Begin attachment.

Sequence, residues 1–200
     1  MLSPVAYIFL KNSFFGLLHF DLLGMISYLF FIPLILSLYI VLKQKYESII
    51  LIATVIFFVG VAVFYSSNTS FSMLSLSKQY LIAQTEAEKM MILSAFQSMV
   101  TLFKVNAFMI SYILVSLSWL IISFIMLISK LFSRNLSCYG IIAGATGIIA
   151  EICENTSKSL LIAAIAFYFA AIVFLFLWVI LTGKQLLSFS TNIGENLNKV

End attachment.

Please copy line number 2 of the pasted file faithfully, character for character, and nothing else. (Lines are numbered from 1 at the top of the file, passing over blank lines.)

     1  MLSPVAYIFL KNSFFGLLHF DLLGMISYLF FIPLILSLYI VLKQKYESII